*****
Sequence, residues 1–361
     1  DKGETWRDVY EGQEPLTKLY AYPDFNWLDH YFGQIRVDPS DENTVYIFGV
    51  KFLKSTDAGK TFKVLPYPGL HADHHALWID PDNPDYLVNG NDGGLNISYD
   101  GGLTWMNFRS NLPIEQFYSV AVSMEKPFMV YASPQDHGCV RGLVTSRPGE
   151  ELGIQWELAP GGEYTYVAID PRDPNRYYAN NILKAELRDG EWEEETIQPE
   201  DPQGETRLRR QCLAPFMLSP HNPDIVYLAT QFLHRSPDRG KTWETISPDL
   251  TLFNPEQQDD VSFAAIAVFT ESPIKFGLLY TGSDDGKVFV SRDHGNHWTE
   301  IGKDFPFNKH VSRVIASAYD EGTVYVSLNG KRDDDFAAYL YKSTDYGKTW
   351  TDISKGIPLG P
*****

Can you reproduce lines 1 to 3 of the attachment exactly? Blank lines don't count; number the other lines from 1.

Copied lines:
Sequence, residues 1–361
     1  DKGETWRDVY EGQEPLTKLY AYPDFNWLDH YFGQIRVDPS DENTVYIFGV
    51  KFLKSTDAGK TFKVLPYPGL HADHHALWID PDNPDYLVNG NDGGLNISYD